To date more than 100 local businesses from the Snowy Mountains region have been involved in the project.
What are the next steps for Snowy 2.0?
Snowy 2.0 is underway, with Exploratory Works in full swing at Lobs Hole. An Environmental Impact Statement for the Main Works has been submitted to the NSW Department of Planning, Industry and Environment (DPIE) for assessment. If approved, these main project works are expected to commence in 2020.
The Exploratory Works will provide Snowy Hydro with a greater understanding of the underground geological conditions at the proposed location of the power station. The work involves road upgrades, the establishment of construction facilities and an accommodation camp at Lobs Hole, and excavation of an exploratory tunnel to the likely power station location.
An Environmental Impact Statement for the Snowy 2.0 Segment Factory has also been submitted to DPIE for assessment. If approved, the factory would commence operation in 2020.
What are the environmental impacts of the Snowy 2.0 project?
For almost 70 years Snowy Hydro has responsibly operated the Snowy Scheme in Kosciuszko National Park (KNP). We see the park as our backyard and are absolutely committed to avoiding and minimising potential impacts from Snowy 2.0, as we do for our existing business.
Snowy 2.0 is undergoing a rigorous assessment process which takes into full consideration the potential environmental, social and economic impacts of the project and provides measures to avoid, reduce and mitigate potential impacts.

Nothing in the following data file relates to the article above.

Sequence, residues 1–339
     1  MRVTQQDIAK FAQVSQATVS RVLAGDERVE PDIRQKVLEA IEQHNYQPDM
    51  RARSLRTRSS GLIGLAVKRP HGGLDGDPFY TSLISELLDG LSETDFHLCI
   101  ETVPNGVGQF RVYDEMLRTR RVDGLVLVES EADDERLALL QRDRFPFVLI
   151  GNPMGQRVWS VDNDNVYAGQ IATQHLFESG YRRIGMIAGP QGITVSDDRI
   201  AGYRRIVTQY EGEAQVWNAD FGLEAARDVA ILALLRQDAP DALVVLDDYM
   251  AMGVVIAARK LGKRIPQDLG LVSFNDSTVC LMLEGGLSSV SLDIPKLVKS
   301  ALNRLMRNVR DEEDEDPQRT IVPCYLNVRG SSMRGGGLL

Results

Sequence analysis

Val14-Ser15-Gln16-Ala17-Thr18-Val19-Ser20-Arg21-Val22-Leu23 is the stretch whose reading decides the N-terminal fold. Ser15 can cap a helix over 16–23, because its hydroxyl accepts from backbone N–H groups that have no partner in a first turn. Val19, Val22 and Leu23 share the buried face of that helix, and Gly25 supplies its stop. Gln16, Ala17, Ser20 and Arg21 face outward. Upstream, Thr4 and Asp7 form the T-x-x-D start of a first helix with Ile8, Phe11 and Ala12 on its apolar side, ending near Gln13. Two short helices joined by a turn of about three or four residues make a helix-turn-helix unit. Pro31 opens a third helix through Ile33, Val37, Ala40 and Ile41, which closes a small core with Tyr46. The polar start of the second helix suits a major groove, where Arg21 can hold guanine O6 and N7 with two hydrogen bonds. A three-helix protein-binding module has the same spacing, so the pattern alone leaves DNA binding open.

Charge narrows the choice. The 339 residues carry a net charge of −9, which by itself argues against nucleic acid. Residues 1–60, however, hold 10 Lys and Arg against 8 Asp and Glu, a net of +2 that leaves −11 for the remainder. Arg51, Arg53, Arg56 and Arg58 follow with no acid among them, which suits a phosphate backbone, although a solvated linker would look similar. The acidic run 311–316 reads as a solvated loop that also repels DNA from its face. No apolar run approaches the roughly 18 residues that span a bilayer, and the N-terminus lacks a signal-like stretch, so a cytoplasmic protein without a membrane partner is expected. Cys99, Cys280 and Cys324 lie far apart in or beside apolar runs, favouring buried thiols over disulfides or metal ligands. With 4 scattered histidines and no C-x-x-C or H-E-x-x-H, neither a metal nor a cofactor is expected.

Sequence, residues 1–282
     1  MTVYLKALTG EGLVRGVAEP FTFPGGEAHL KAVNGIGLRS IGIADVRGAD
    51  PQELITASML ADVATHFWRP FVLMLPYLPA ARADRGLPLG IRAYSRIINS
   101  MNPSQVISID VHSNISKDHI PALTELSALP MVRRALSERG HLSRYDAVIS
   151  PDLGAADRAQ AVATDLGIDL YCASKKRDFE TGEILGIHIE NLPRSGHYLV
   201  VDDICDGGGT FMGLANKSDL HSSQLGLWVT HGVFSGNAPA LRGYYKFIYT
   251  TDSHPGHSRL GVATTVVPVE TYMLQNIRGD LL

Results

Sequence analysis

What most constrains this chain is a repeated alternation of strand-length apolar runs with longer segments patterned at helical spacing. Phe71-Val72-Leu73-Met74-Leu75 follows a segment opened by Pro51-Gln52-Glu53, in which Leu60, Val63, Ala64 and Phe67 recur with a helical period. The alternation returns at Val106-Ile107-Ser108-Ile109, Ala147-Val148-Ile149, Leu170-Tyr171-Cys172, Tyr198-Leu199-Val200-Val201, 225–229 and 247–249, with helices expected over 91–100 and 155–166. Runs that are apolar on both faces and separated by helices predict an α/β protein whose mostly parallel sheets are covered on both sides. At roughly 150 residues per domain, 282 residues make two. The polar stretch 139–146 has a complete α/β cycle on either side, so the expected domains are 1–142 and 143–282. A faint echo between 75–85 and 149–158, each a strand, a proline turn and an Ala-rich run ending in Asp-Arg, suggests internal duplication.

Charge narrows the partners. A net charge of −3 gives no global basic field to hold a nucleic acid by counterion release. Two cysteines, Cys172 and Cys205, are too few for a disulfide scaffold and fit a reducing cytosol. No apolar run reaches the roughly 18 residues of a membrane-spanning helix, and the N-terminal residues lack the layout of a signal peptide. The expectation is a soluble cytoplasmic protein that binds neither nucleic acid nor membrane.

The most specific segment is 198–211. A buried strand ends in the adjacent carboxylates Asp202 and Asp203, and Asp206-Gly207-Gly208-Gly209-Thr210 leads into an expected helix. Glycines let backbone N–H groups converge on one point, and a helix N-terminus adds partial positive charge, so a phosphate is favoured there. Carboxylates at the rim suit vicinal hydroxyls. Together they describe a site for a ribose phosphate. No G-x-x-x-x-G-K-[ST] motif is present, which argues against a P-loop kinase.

For each stage of the project, a comprehensive Environmental Impact Statement has been prepared. The EISs are very thorough and address the environmental assessment requirements specified by regulatory agencies. The EISs include information collected from years of field survey and monitoring work, mitigation measures to avoid and reduce project impacts as much as possible, input from extensive stakeholder engagement and dozens of scientific and technical studies.
Snowy 2.0 is a large construction project to be constructed in KNP, which is a very large national park. The total area temporarily impacted by construction is less than 0.25% of KNP and post-construction, the operational footprint of Snowy 2.0 is less than 0.01% of the total size of the park.
The unavoidable impacts will be offset and construction areas rehabilitated. A program of work to be funded by offsets is being developed in close consultation with key local stakeholders including the National Parks and Wildlife Service. These works are targeted to directly contribute to the ongoing and long-term conservation and recreational use of the park.
Snowy 2.0 is expected to provide broad-scale environmental benefits as a critical project to underpin and support Australia’s renewable energy future for generations to come.
More information on the Environmental Impact Statements for Snowy 2.0:
What are the Snowy 2.0 Main Works?
Snowy 2.0 Main Works will involve the construction of Snowy 2.0 and supporting infrastructure to operate the power station in the future. The key elements proposed as part of Snowy 2.0 Main Works include:
- a 2,000MW underground pumped hydro-electric power station complex;
- water intake structures at Tantangara and Talbingo reservoirs;
- underground access tunnels, power waterway tunnels, chambers and shafts;
- new and upgraded roads to allow ongoing access and maintenance; and
- power, water and communication infrastructure.